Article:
• Environment and Geography

    The Chinchorro people inhabited the Pacific coast of southern Peru and northern Chile, from what the present-day port of Ilo to Antofagasta. Though the land here is extremely arid, the region is abundant in marine resources due to the cold Humboldt Current. The small valleys that cross the land to the sea bring freshwater to this desert coast, as well as animal and plant species that provided sustenance to these ancient peoples. The Chinchorro people were called after the beach of the same name near Arica, Chile, where evidence of their culture was first found.

  • Economy

    The Chinchorro were fishers, hunters, and gatherers, expert at taking advantage of the marine resources available and manufacturing an assemblage of special tools for this purpose. Notable among these was the cactus needle fish hook and the harpoon points they made to hunt different prey. Tumors found in the ear cavities of mummies attributed to this period indicate that they dove to great depths in the ocean waters. Despite their intense focus on the marine environment, they also made us of terrestrial plant species, which provided food and raw materials for making a range of objects.

  • Art

    Evidence of the Chinchorro’s artistic development has come almost exclusively from the arrays of fine grave goods that accompanied their mummified remains, and to some degree from their elaborate funerary practices themselves. Turbans made of twisted plant or animal fiber cord and decorations made of seashell and malachite beads covered the mummies’ heads, which had been intentionally deformed during life. Their faces were covered by finely crafted mud masks and their bodies were wrapped with sashes and ropes made of animal and/or plant fiber. Color combinations varied over time, though natural colors, ochre and terracotta were common. Some mummies wore reed skirts. The bodies were laid upon mats made of plant fiber or animal skins, and many of them were accompanied by a selection of grave goods that included spear throwers, knives, harpoons and other implements, and occasionally sheets of native copper.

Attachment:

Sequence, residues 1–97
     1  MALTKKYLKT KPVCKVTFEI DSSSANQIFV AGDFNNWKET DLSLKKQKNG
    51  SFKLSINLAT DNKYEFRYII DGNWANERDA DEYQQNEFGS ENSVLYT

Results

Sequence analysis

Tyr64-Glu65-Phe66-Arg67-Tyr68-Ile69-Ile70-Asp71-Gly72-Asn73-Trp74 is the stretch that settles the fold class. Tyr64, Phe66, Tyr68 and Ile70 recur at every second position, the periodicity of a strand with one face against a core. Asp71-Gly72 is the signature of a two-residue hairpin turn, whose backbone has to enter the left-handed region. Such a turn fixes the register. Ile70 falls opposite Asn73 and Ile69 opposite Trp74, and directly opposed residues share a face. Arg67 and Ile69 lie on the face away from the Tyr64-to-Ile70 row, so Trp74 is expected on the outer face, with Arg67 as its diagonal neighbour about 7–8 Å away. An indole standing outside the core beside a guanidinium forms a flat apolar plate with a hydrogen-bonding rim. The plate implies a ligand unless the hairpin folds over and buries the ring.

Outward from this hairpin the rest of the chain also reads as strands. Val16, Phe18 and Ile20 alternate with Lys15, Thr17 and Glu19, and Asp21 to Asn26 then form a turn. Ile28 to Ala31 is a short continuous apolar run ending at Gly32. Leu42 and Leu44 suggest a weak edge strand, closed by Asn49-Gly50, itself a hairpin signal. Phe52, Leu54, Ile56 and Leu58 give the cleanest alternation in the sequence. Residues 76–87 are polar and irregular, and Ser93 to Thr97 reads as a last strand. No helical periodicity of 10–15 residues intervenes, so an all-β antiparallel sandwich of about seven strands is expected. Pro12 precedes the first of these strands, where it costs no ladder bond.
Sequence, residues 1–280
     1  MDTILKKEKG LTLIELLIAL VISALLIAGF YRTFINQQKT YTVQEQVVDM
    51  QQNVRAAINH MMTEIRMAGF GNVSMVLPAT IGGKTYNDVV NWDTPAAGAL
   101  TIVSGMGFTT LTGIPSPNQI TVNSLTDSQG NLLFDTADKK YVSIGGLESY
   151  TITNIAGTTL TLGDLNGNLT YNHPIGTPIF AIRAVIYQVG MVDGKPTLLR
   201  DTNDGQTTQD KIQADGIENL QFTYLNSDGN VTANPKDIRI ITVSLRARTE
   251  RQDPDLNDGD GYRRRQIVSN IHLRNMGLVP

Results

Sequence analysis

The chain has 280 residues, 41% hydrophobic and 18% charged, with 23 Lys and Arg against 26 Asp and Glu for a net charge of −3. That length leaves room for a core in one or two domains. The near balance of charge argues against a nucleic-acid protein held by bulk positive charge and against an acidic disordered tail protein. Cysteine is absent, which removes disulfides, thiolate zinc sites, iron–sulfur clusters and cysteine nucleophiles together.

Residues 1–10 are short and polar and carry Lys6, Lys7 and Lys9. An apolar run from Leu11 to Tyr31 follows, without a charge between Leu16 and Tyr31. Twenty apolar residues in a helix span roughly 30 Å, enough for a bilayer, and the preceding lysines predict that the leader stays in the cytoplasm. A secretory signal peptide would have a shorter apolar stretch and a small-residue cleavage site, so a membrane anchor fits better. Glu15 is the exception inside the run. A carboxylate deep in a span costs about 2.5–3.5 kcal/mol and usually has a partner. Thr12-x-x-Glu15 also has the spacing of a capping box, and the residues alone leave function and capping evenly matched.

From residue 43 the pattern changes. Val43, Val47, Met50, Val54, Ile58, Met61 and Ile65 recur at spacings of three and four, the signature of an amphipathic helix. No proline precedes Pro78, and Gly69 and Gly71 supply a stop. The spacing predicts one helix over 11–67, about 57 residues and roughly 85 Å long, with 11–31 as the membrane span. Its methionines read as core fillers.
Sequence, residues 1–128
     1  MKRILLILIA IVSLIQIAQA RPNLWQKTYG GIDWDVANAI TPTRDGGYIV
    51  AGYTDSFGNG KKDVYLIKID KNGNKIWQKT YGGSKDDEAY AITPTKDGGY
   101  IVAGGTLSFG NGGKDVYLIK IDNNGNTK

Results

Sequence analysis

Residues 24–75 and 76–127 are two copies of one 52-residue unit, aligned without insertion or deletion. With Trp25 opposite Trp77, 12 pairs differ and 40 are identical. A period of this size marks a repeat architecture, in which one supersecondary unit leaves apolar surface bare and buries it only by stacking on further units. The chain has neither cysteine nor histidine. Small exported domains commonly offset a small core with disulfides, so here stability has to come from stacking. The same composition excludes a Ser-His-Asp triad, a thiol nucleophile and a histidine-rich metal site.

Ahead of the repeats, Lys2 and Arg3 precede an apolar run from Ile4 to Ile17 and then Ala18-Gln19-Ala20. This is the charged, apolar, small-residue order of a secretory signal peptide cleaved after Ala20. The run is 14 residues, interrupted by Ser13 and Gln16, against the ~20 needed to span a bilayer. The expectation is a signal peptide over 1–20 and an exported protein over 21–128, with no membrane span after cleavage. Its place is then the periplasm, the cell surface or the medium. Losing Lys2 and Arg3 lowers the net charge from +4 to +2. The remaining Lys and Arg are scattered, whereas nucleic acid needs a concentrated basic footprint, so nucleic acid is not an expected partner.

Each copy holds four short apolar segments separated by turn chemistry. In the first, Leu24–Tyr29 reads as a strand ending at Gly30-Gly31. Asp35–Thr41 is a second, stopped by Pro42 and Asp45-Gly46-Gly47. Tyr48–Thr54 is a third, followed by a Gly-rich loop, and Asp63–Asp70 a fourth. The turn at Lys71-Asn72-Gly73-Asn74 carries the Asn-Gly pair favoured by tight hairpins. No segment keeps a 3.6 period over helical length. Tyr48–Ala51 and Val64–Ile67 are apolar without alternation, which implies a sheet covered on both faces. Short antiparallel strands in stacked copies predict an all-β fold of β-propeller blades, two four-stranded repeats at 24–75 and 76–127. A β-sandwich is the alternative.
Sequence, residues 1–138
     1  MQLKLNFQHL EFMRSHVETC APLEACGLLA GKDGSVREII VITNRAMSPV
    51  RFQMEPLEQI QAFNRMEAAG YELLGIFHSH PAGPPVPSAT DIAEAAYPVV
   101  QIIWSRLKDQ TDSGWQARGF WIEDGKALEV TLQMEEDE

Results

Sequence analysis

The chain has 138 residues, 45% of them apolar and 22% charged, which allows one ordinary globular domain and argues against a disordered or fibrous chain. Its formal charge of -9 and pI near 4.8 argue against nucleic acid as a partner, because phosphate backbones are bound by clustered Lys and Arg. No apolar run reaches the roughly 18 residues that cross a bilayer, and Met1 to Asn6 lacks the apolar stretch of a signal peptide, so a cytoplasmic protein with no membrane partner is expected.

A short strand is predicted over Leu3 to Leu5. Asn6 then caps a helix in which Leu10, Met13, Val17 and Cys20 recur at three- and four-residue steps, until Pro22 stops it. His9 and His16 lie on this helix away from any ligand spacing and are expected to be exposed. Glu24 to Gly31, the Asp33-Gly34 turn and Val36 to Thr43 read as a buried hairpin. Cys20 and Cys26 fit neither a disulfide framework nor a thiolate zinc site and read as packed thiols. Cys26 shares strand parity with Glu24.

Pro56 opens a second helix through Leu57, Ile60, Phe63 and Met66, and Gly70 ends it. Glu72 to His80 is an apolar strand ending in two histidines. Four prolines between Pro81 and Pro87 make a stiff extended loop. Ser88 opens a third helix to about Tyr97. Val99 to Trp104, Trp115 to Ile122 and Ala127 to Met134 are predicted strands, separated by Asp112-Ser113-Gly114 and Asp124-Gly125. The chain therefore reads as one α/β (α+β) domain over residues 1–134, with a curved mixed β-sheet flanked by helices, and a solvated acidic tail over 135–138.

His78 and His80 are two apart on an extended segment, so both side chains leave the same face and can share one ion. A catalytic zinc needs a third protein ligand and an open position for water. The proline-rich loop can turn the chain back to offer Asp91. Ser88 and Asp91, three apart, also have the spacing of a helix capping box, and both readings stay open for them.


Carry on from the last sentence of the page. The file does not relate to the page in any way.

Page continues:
• Social Organization

    The Chinchorro lived in small bands or groups of 30 to 50 individuals, apparently based on kinship. They would certainly have had a division of roles based on expertise and skill; for example, the individuals who were skilled in mummification would have held a special place in the band.

  • Beliefs and Funeral Rites

    The Chinchorro culture offers the earliest complex expression of a cult of the dead and ancestor worship on the arid South American coast. This is seen through the complicated mummification process, which involved extracting the muscles and internal organs of the deceased person and replacing these with plants, feathers, pieces of leather, wool fleece and other material. The body was then covered with a layer of clay and a wig made of human hair was placed on the head. The Chinchorro mummification process evolved through several stages: Initially, they mummified only infants and children, adorning them with vibrant colors and placing clay figurines with them. At the zenith of Chinchorro culture, around 3000 BC, all members of society were mummified (men, women, and children of all ages), smeared with a thick layer of red, black or brown pigment. In the final days of this culture, the mummies bore only mud masks. The mummies were apparently not buried but were stood upright in a visible location in the camp, perhaps to indicate the group’s lineage from a common ancestor. In addition, not all members of Chinchorro bands were mummified; some were buried in simple graves. Such graves have been found on elevated terraces and containing one or more individuals who may have been family groups.

  • Settlement Pattern

    The bands established semi-permanent camps at seaside bays and lower ravine reaches near the coast, some of which—such as the Camarones ravine south of modern-day Arica—were heavily occupied.

  • History

    Some of the earliest evidence of the Chinchorro culture may have been found at Ancha, a site more than 8,000 years old located in the Azapa Valley of Chile. Although the site contains no obviously Chinchorro mummies, it is believed to show the earliest evidence of that culture’s funerary tradition. The Chinchorro have been linked to the so-called Anzuelo de Concha culture and with the Abtao, with whom they share some technological features, particularly the harpoon. In the later stages, around 2000 BC, the Chinchorro began to blend with the Quiani groups, who simplified the previous complex mummification techniques as they inherited the culture and ancient traditions of the Chinchorro.